Spend it if you got it: How frugal retirees impact all of us
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Spending too much and saving too little has become as American as apple pie. But, there is one group that bucks this trend: older Americans. 

As outlined in my recent report analyzing data from two University of Michigan surveys sponsored by federal agencies, the average adult aged 60 years or older will trim his or her spending by about 2.5 percent every year, or approximately 20 percent over a 10-year period. Spending drops even faster for people in their 80s compared to younger retirees, falling by an average of about 30 percent over a 10-year time-period.

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The surprising result: Rather than depleting their assets as they age, the average retiree is instead actually accumulating wealth. In fact, the average adult who dies in their 60s leaves behind $296,000 in net wealth, $313K in their 70s, $315K in their 80s, and $238K in their 90s.

 

Declining economic optimism may help explain why people in their golden years are so hesitant to spend. In 2014, for instance, adults over the age of 64 were over 30-percent more skeptical about future economic growth and 40-percent less convinced of future stock market increases compared to adults under the age of 35.

Indeed, the average older adult believed the stock market had less than a 50-percent chance of increasing in all but one year between 2002 and 2014; even though most major stock market indexes increased in all but two of those years. By contrast, every other age group felt like the stock market had more than a 50-percent chance of increasing in most of those same years.

Given their dour view of the economy’s prospects, it makes sense that older Americans would also take a dim view of their own financial prospects. Adults over the age of 64 are 40-percent less optimistic about their future financial health than are adults under 35. That gap is widening: For every year added to the life expectancy of the average U.S. adult, the gap in economic optimism between younger and older Americans has increased by 3 percent. 

In a world in which many people are spending too much money, why should we care about some retirees living too frugally? The economy is one reason to care, since spendthrift retirees are stockpiling growing sums of capital and holding back consumer spending growth.

Since 1989, for instance, the amount of U.S. household net-wealth concentrated among households headed by someone 60 or older has increased from 44 percent to 52 percent. Similarly, nearly half of all of the millionaires in U.S. are now over the age of 60, compared to about 42 percent in 1989.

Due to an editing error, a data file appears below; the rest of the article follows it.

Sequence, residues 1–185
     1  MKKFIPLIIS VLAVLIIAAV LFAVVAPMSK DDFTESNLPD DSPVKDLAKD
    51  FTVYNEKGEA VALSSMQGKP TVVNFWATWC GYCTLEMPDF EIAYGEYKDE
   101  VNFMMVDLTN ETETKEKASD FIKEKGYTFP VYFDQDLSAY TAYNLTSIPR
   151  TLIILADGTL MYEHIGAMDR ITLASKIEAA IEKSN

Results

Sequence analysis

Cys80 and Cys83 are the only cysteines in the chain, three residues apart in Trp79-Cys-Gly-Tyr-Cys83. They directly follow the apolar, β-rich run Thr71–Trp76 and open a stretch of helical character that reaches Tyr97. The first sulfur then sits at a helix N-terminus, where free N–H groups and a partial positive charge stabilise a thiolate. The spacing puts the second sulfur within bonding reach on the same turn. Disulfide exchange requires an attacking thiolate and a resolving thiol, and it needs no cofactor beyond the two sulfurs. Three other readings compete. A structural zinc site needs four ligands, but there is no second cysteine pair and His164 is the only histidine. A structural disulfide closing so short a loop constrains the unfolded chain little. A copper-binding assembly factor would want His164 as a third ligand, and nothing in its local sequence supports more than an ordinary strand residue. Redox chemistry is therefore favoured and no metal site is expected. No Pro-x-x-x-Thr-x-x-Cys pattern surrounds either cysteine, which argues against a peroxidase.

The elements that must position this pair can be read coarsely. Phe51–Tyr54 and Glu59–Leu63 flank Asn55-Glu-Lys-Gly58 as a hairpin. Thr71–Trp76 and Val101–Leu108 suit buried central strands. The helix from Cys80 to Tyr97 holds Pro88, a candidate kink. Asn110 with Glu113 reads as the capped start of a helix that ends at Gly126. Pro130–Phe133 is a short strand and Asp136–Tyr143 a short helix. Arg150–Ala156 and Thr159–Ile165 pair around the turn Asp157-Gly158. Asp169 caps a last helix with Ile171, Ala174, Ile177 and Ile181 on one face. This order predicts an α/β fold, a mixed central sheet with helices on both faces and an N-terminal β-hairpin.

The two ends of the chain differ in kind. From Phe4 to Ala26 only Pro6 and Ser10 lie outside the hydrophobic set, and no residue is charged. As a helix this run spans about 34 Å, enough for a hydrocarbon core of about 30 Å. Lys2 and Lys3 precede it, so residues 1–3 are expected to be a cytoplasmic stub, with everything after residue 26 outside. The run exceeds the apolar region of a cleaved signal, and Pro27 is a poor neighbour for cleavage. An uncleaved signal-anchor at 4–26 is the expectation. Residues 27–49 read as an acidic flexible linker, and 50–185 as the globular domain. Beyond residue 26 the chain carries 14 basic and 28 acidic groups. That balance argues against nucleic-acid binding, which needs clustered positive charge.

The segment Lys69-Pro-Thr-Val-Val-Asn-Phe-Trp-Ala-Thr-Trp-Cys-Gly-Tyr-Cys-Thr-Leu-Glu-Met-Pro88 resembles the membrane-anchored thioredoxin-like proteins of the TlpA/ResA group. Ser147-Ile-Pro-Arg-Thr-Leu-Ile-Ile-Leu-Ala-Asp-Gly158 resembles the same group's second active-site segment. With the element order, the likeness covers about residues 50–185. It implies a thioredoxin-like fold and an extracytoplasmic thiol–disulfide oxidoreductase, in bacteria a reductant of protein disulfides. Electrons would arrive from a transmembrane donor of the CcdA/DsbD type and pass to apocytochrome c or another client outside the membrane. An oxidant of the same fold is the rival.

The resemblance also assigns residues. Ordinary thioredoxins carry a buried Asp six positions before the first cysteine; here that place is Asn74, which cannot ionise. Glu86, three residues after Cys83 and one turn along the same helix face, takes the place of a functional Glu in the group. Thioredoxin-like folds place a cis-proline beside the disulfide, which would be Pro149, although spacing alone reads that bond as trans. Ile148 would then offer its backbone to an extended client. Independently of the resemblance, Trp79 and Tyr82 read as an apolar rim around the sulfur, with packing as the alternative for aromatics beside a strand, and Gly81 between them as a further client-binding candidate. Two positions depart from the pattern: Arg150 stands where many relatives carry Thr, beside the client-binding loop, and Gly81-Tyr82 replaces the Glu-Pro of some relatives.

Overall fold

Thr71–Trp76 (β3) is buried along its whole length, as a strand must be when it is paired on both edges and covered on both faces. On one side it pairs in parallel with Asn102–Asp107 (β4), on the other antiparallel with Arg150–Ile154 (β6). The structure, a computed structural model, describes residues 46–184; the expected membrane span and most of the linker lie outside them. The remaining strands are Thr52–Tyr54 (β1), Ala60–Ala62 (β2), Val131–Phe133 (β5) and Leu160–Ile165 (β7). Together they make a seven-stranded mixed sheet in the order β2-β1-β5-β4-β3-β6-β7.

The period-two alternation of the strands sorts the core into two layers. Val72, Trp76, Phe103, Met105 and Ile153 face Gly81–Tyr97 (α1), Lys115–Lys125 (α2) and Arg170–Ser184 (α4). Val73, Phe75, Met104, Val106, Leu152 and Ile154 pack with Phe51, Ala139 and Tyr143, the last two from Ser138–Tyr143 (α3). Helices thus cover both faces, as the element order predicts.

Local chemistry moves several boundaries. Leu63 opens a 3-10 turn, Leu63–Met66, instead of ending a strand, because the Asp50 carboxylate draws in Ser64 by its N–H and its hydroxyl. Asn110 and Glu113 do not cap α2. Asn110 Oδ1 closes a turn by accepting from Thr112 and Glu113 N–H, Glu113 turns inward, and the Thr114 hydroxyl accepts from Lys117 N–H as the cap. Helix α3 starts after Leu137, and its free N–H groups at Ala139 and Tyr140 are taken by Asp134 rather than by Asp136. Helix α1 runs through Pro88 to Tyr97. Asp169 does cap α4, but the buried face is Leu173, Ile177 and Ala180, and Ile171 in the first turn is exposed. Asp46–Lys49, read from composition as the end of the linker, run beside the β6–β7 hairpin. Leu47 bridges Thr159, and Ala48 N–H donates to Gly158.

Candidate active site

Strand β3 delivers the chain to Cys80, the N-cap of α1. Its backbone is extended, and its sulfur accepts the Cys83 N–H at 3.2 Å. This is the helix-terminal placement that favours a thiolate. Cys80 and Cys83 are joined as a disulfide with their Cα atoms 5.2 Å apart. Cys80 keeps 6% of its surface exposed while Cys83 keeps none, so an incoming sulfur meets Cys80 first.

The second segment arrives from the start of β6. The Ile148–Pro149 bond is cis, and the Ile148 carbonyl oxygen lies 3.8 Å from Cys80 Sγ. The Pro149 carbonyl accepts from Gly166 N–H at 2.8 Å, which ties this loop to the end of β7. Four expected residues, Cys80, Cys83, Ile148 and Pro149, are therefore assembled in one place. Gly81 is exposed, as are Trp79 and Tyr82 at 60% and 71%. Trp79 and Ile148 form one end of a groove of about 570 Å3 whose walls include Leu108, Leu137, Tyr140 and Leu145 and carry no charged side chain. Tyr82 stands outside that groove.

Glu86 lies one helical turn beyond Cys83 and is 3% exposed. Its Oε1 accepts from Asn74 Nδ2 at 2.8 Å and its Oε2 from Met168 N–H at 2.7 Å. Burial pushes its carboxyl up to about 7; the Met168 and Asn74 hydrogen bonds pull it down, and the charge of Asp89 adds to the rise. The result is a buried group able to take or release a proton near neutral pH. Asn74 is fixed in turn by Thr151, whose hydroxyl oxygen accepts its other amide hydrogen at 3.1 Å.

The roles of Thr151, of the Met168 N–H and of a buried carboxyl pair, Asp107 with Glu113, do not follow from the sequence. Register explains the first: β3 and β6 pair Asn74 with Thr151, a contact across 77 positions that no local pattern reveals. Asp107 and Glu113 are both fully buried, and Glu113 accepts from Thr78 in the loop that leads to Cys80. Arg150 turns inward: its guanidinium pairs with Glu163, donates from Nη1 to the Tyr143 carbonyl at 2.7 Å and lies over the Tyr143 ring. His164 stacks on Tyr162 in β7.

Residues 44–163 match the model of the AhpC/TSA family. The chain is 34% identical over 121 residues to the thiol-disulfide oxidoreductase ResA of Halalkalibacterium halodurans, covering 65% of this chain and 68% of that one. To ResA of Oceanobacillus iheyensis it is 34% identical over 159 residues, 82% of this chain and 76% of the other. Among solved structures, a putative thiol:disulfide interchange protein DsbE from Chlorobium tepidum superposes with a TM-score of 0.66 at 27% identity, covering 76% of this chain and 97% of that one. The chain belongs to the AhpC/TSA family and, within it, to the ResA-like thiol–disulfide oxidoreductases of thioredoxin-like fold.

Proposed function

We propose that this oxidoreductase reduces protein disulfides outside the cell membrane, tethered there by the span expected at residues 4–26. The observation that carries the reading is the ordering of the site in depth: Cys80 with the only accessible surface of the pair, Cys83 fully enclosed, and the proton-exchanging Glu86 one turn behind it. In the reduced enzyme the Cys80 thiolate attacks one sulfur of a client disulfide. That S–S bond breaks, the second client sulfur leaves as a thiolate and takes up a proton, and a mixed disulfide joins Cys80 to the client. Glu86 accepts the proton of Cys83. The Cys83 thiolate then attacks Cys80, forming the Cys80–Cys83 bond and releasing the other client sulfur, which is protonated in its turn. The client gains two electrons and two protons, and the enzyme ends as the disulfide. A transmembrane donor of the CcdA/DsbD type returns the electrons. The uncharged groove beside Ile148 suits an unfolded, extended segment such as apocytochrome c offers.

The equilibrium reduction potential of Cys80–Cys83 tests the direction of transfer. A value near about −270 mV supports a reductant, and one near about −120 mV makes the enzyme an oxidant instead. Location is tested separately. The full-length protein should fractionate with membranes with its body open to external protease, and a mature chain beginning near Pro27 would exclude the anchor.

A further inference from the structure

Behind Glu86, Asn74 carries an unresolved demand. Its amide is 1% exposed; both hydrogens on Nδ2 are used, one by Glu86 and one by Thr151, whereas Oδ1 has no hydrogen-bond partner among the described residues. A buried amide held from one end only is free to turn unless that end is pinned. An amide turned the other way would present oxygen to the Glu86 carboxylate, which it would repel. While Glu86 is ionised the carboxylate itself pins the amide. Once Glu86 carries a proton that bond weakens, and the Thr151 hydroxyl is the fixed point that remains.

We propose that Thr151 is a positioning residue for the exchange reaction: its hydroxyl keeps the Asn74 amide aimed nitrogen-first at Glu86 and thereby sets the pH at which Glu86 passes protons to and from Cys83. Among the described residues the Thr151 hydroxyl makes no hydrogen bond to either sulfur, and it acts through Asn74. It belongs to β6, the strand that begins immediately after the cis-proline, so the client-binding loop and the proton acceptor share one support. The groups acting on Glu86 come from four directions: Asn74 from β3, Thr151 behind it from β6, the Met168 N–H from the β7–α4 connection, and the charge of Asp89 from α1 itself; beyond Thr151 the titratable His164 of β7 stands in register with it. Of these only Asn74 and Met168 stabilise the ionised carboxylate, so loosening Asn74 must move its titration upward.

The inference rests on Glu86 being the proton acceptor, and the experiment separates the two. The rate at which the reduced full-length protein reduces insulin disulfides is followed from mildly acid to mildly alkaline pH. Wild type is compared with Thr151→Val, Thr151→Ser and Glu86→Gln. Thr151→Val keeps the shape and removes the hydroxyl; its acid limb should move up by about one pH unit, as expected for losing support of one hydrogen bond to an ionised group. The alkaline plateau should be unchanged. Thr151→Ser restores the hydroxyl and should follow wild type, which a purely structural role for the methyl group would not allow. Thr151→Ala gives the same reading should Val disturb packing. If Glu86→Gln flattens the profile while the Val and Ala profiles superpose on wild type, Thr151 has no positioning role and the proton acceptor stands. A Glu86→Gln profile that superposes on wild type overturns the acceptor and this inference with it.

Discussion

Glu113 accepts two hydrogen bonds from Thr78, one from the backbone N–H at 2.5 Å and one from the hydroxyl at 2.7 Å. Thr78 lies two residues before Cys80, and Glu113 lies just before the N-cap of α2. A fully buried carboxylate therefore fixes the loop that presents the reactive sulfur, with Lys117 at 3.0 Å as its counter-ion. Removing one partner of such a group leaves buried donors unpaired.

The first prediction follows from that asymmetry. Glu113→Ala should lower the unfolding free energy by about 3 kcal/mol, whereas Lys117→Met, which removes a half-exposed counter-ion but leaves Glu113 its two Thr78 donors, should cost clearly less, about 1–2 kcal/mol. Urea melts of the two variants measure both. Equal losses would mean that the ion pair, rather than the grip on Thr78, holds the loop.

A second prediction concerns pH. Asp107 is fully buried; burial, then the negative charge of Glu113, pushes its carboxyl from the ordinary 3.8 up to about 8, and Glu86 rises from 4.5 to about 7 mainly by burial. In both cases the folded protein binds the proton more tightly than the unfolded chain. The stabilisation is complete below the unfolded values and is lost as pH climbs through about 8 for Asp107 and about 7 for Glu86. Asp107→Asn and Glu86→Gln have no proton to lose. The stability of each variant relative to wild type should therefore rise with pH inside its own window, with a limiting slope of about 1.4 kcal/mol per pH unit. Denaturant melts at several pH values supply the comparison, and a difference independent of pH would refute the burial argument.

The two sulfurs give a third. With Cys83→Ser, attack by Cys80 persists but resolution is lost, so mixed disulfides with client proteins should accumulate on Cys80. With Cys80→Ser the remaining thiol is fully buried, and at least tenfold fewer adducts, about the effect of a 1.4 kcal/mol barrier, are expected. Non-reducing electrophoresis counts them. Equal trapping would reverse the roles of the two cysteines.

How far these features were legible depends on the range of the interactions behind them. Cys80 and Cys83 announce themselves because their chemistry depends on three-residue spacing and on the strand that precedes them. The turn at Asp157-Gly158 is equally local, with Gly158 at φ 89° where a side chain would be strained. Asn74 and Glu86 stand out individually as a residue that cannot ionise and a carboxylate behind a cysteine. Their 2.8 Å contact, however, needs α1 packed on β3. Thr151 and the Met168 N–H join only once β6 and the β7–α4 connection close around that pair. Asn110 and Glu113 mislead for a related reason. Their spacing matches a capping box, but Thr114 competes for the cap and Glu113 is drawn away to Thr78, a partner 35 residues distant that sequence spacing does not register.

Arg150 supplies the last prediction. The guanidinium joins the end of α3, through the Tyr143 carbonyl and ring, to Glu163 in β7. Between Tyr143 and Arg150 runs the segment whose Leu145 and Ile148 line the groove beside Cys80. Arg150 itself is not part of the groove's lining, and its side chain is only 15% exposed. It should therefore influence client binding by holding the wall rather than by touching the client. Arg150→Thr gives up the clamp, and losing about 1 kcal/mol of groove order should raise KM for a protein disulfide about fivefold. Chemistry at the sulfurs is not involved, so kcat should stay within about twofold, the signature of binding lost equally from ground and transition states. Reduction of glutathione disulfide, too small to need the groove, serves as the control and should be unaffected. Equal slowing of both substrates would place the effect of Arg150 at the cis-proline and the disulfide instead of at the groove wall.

Another reason to care is that too much anxiety about the future can become a self-fulfilling problem for some retirees. Overly pessimistic views about future stock market growth can lead to investment portfolios that are too concentrated in cash and bonds, which may not generate enough of an investment return to pay for their longer lives.

Even if a retiree can survive on low investment returns, underconsumption could mean they prematurely retract from spending time with friends and family. Over time, research shows that this can hasten physical and mental problems.

It will take more than the usual fiscal and monetary policy toolkit to address these issues. Policymakers should instead promote private and public vehicles that ease retirees’ long-term economic anxiety, perhaps by better insuring against growing longevity and long-term care risks — much in the way policymakers did during the Great Depression through new programs like Social Security. 

After all, the impetus for Social Security was as much about generating a stimulus by unlocking hoarded savings (caused by anxiety about the future) as it was about poverty reduction.

Expanding consumer finance surveys like the Federal Reserve’s Survey of Consumer Finance and the Department of Labor’s Consumer Expenditure survey or increasing survey grants to universities to better study economic decisions of older Americans would also be catalytic.

We all share old age as a fate. But, it’s increasingly a fate that has consequences for everyone as more of the economy becomes dependent on the financial decisions of older Americans. Through targeted, creative thinking, we can make that a more positive reality for everyone, while also improving the quality of life in retirement.

 

Matt Fellowes is CEO of United Income, a financial planning and investment management company aimed at people nearing or transitioning into retirement. Prior to United Income, he was chief innovation officer at Morningstar, founder of HelloWallet, and a Brookings Institution fellow. Elizabeth Kelly is chief of staff at United Income. She previously served as special assistant to the president at the White House National Economic Council, where she handled retirement and consumer protection issues.


The views expressed by contributors are their own and not the views of The Hill.